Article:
- “Catnip in the Garden Does What?!” here
- “How to Keep Those Wascally Wabbits Out of the Garden (and Some Gardening Tips), here
- “Garden Veggie Frittata”, here
- “DIY Vegetable Garden in 10 Easy Steps”, here
- “Fried Squash Flowers: Fig, Goat Cheese, Honey, and Panko!” here
- “Stuffed Peppers with Tempeh: Fajita-less Fajitas!” here
- “Crispy Panko Poppers, Vegetarian Style” here
- “Banana Pepper Tuna Sandwich”, here
- “Middle-Easter Style Pickled Cucumbers”, here
- “DIY Firepit for Neat Freaks”, here
That’s all I have to share at the moment. Now, what have you got for me?
Funny you should post this on the very eve that I planted a few things myself (My thumb is so far from green that I might as well not even have that opposable digit)!
This year my garden may not be ready until the fall planting season as I’m having 4 raised pine beds made for me and the guys can’t get to it until July (though I may be able to get all the soil and compost laid down and get something going with that, we’ll see).
Anyway, one of the things I have always wanted is an herb garden and one that I have quick access to (which basically means a garden on my back deck…as you know wood doesn’t contain soil.) So this year I got a couple of these for the deck:
It’s pretty cool because it works like a raised bed and has a built in watering system, a mulch cover to keep pests and weeds out, and a screen on the bottom where you can stick in tomato cages and trellis’s. Anyway, I planted one cherry tomato seedling, two red bell seedlings, and 8 strawberry plants using seed all in one box. Let’s see what happens. I left the other box untouched because it did call for dolomite and fertilizer in addition to potting MIX which I didn’t have. I want to see if it works without those (though of course the directions say that potting mix is not sufficient – I’m all about breaking the rules baby!) – which is probably why my thumb turned black and fell off to begin with 😉
Okay, so then in long rail planters I planted mint and chocolate mint seedlings (never heard of that before but sounds good to me!), in another I planted a row of basil from seed, in another I planted two cilantro seedlings, and in one small pot I planted one rosemary (but was told that I should move that to a large pot as rosemary grows big…is that right?).
Okay, that’s all my news for now, but I’m very eager to hear how the foil and especially the chopsticks work. I did do a garden two summers ago and had a lot of squash and similar problems though I was too lazy to do much about it. In a sense, I’m not only trying to grow plants, but also trying to see if I can grow back a thumb and then turn it green 🙂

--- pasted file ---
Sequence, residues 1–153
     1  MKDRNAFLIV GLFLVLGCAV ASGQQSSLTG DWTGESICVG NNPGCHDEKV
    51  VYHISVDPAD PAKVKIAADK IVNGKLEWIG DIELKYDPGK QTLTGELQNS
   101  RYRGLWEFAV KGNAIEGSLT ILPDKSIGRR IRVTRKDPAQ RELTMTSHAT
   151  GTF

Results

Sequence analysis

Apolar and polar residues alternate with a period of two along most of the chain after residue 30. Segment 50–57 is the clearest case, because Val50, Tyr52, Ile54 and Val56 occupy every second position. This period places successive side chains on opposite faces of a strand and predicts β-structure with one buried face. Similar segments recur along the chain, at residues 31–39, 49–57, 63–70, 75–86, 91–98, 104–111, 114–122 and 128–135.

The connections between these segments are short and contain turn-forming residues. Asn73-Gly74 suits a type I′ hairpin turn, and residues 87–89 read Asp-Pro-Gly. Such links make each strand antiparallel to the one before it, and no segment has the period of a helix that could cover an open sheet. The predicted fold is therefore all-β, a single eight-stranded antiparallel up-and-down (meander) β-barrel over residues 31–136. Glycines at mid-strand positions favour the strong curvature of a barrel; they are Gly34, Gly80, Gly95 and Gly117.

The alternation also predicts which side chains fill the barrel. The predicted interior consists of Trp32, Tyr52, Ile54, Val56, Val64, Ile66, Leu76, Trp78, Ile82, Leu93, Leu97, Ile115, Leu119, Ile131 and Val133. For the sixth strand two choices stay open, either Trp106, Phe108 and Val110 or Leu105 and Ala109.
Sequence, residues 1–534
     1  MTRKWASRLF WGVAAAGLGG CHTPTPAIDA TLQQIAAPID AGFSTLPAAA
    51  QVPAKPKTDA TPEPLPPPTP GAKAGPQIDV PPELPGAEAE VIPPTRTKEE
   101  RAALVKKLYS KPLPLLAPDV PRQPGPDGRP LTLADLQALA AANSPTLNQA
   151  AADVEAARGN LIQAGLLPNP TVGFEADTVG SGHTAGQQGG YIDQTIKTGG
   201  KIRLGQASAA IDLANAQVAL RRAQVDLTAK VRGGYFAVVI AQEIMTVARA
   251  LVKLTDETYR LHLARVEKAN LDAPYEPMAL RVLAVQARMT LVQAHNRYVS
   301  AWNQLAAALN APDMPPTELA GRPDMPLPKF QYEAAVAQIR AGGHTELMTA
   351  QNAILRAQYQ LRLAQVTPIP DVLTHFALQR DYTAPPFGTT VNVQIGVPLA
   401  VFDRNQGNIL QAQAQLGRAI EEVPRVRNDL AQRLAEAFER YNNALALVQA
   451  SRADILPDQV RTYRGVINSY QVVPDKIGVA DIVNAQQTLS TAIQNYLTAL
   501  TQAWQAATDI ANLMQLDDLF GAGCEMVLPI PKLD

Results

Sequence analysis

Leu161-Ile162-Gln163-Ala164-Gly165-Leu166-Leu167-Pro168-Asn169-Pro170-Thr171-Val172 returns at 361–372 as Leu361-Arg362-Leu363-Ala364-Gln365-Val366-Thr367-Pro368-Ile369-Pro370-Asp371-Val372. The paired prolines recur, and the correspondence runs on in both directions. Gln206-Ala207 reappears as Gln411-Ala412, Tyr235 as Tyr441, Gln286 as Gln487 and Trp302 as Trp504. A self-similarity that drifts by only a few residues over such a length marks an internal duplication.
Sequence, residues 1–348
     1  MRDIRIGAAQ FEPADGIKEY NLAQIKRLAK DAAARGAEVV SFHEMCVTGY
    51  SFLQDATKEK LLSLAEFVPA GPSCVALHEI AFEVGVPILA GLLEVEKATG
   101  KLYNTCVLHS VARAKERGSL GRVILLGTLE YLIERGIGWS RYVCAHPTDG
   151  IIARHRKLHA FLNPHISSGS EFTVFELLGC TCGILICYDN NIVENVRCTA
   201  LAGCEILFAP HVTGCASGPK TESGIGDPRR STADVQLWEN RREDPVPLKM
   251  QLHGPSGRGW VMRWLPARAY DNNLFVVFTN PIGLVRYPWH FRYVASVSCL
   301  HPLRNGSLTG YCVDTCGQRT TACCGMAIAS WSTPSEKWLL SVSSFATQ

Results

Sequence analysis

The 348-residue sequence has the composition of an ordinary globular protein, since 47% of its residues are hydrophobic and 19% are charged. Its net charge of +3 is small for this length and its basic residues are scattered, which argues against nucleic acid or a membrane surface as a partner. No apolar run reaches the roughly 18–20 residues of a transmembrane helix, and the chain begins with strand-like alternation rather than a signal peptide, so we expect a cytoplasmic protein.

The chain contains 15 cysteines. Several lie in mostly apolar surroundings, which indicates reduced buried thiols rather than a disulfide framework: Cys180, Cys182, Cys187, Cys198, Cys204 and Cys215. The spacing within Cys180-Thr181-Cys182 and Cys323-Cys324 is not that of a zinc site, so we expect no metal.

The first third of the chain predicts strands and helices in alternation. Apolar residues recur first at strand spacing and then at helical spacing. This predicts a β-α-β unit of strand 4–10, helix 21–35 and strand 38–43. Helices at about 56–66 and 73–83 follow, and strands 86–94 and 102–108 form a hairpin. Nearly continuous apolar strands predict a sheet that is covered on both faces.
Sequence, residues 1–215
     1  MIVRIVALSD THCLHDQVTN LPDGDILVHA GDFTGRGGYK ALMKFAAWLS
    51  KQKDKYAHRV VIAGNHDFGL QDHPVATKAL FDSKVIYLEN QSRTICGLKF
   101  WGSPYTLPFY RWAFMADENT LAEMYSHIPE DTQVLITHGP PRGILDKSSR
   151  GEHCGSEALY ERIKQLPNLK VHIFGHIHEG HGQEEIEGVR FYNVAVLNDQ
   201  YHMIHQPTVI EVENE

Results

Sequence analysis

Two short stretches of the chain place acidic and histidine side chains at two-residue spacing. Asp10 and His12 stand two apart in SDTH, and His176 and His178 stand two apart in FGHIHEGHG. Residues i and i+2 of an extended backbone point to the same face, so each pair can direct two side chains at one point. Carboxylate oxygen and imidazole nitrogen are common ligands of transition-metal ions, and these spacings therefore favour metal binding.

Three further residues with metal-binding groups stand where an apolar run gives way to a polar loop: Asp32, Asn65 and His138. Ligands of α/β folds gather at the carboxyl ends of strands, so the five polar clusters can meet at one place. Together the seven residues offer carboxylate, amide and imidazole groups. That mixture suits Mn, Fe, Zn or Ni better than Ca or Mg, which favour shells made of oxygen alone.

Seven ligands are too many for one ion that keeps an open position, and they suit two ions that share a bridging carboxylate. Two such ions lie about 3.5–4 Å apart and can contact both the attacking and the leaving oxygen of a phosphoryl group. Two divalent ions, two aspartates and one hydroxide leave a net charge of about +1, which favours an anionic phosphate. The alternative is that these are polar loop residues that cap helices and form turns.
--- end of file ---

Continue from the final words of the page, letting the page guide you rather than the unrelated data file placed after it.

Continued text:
As always, great post Ali!
Rula, this is awesome!! I love those planters you got, and seriously? Watering system, mulch to keep pest away…They seem WAY better than my garden beds!! You got me thinking!! Yes, rosemary grows BIG….we have one in our front yard which I think we somehow managed to kill this year by accident, but has stayed strong since we bought the house four years ago with us doing literally nothing. I usually trim it back A LOT every year but this year I think the winter got to it with all that snow. Otherwise, they thrive and grow large. And, um….chocolate mint?! What are we having for dessert??!? 😉
Oh and by the way…when you achieve success remember to save some of those fried cheesy-goodness squash blossoms for your dear sweet loveable friend and neighbor! 😀
Oh, you KNOW it!! Cheers to hoping you can keep your thumb this season….you and me both…LOL
Hi! Id like to know if this worked for you and also the one with the DIY organic pesticide… Thanks!
Hi Joyce! The tin foil worked very well for me. The chopsticks *seem* to have worked OK, because I didn’t notice any cats, although that may have been a coincidence. But the DIY organic pesticide was AWESOME. I swear by that stuff now. You just have to be diligent and spray it every few days, but it worked wonders for me. Good luck!!
Thank you so much! Cant wait to try it all!
No problem! Come back and let me know how it goes for you!